When you finish reading our story about how Medicare spending for molecular and genetic tests jumped by as much as 700% in certain states during 2019, you’ll be among the first in the nation to understand why a financial crisis is soon to wash over those clinical laboratories and pathology groups that perform genetic tests.
We thank Bruce Quinn, MD, PhD, principal of Bruce Quinn Associates LLC, in Los Angeles, for sharing his early findings with us. After the Medicare program made public the 2019 claims data in September, Quinn accessed it to analyze spending on molecular and genetic tests. He determined that abusive billing for a number of CPT codes is one logical conclusion for why payment for genetic test claims shot up exponentially in 2019, compared to 2018. Quinn also noted that Medicare genetic test payments for 2018 were 100% greater than 2017. You can visit brucequinn.com to read his blog on these findings.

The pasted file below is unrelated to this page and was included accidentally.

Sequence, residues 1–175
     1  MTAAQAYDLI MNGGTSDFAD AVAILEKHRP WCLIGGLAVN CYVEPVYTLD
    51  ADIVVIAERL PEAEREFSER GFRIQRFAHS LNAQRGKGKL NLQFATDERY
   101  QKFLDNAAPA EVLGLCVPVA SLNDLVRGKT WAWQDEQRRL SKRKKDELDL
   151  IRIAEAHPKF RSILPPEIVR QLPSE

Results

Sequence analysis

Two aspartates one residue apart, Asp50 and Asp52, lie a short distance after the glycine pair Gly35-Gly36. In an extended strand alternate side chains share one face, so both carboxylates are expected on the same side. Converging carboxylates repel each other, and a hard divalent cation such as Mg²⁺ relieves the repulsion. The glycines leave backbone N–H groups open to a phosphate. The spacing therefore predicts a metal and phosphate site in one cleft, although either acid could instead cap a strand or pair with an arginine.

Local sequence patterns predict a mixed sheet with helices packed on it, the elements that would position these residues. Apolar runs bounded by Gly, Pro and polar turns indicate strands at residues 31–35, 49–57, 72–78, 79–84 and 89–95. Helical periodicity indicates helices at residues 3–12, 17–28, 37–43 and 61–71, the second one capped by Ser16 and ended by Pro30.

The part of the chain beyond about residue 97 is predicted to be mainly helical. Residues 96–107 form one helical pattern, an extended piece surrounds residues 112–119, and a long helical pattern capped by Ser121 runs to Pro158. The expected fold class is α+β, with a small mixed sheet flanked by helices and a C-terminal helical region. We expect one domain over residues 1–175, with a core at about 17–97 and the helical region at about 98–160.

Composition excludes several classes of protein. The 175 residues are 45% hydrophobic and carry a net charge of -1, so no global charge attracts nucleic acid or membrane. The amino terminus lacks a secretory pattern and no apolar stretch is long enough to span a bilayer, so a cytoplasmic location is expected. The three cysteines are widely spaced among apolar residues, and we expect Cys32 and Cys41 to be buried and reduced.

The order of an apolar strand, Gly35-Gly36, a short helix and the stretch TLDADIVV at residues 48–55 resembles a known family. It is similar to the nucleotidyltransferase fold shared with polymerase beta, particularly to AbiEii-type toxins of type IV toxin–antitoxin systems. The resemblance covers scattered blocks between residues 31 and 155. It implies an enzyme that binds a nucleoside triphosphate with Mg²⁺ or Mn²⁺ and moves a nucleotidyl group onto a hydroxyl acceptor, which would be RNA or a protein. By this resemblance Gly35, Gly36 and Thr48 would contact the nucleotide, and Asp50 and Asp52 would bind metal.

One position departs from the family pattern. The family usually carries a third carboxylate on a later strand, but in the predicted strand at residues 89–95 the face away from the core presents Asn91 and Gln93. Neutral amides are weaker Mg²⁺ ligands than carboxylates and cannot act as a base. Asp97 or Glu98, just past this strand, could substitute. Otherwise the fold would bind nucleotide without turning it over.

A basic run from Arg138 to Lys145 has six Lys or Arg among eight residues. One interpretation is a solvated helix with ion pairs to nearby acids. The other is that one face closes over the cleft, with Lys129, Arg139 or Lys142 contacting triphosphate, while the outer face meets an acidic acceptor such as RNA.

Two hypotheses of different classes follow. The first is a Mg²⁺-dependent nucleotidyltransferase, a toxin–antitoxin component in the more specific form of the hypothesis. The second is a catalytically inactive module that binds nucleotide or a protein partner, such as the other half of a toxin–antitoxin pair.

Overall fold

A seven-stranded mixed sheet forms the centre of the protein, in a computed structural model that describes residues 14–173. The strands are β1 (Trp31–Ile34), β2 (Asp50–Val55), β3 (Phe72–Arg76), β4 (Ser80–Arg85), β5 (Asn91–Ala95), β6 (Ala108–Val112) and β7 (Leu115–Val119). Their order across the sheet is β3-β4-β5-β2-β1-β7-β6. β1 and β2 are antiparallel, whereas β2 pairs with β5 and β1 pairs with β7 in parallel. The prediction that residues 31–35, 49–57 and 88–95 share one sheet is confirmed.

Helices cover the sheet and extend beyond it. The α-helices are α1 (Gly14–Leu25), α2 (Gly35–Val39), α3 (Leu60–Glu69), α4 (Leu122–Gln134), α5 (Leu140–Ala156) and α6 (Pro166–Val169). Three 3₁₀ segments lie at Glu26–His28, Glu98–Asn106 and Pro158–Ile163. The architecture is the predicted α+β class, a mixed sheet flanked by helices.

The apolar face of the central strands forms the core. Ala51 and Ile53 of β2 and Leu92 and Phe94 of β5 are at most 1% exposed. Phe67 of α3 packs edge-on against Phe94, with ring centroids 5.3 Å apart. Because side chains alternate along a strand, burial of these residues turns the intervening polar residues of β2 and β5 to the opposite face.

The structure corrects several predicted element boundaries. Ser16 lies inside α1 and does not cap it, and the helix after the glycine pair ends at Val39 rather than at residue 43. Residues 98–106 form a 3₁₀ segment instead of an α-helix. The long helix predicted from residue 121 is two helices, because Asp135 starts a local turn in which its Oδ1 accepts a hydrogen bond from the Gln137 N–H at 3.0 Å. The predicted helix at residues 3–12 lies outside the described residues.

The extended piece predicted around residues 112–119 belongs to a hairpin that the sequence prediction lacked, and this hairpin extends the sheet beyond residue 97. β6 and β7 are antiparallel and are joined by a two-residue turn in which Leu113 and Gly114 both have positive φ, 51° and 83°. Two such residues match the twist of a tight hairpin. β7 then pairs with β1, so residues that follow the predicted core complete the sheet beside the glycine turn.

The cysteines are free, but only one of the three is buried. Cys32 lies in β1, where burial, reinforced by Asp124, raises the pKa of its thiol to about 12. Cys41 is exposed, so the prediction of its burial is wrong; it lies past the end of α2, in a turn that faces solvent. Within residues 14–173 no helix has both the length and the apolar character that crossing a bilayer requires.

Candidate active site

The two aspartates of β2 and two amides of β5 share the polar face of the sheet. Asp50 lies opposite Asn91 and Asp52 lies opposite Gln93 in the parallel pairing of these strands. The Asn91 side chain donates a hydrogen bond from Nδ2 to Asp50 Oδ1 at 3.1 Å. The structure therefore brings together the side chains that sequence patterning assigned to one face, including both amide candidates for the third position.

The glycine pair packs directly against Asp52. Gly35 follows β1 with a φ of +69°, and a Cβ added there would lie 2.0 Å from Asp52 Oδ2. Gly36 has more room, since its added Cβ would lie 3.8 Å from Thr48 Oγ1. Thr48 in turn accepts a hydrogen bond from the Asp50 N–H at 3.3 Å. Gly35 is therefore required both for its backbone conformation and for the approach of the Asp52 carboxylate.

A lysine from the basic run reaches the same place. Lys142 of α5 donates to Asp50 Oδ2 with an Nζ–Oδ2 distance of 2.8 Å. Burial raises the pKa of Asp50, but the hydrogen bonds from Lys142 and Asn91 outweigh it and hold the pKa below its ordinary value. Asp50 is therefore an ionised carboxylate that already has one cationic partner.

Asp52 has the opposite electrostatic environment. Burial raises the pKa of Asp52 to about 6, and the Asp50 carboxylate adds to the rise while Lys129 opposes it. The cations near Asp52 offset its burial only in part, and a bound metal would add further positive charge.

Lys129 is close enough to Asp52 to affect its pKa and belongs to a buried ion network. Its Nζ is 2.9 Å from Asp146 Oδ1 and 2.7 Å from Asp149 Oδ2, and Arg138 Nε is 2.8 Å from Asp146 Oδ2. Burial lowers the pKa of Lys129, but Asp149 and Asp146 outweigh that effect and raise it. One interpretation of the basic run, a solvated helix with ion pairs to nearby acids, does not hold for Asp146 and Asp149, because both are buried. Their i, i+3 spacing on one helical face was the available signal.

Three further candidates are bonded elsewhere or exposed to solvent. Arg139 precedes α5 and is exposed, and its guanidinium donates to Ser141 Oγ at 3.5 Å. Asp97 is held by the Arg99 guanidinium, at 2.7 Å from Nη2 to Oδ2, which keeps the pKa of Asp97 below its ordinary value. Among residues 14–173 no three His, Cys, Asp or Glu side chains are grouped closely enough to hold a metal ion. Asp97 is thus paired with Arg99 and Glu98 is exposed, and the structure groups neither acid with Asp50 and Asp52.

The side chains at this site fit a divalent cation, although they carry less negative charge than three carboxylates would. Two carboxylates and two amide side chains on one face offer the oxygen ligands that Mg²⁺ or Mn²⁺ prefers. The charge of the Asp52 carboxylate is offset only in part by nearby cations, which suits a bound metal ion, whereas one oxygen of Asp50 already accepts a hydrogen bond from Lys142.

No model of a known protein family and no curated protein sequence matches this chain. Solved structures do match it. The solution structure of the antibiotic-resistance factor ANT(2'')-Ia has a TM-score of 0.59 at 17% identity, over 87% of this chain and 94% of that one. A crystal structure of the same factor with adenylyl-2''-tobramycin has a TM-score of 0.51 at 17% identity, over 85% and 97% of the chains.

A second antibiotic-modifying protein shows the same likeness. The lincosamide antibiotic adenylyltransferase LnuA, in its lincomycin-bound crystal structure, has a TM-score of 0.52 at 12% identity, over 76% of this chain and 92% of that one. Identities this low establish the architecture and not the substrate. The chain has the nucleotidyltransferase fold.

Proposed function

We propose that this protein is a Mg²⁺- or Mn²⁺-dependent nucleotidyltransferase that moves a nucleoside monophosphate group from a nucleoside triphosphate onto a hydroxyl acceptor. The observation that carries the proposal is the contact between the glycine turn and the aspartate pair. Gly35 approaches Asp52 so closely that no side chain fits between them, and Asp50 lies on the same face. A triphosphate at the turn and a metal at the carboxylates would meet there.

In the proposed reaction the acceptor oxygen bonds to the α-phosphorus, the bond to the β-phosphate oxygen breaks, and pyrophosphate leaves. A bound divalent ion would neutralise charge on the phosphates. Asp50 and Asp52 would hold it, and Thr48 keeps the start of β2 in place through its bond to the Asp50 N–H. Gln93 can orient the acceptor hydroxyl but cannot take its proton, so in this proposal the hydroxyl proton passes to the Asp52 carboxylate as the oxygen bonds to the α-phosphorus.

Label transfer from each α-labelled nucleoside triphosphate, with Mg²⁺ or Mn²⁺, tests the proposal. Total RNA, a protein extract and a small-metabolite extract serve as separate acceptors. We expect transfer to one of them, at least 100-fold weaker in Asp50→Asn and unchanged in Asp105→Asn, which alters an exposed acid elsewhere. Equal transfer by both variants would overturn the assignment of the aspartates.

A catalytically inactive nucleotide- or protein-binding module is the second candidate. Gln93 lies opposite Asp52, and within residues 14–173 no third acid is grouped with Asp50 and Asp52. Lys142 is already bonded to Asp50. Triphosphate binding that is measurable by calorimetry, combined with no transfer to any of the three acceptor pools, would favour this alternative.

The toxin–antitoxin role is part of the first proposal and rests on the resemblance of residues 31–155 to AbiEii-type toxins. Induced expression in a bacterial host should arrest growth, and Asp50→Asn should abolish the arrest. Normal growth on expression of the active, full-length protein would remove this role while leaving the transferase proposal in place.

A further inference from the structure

There is a simple economic fact: no healthcare system in the world can sustain a spending increase of 700% in one year for some services. Thus, what will be the response of the Medicare program to the flood of molecular and genetic test claims? Particularly when, as Quinn notes in his blog postings, one obvious conclusion from a study of the billing data is that billing fraud is rampant.
Data shows some lab companies bill large volumes of certain genetic CPT codes and a large portion of those claims are being reimbursed by a handful of Medicare Administrative Contractors (MACs) whose test coverage criteria are not as comprehensive as, for example, the MolDx program. It would also be safe to assume that the same lab companies filing large numbers of claims for medically-unnecessary genetic tests are doing the same to private payers.
If true, then the stage is set for government and private payers to have a rational reason to do what they always do when some sector of the clinical lab market taps the fee-for-service piggybank with huge numbers of false claims. They will: a) stop coverage of specific tests; b) slash their reimbursement for those tests to make them unprofitable; c) audit abusive labs and seek huge recoupment; and/or, d) bring legal action against the most egregious offenders.
Unfortunately, as payers take these steps, it is the law-abiding labs and pathology groups that suffer. The market developments described above are the reason why all labs can expect their finances to be more challenging going forward.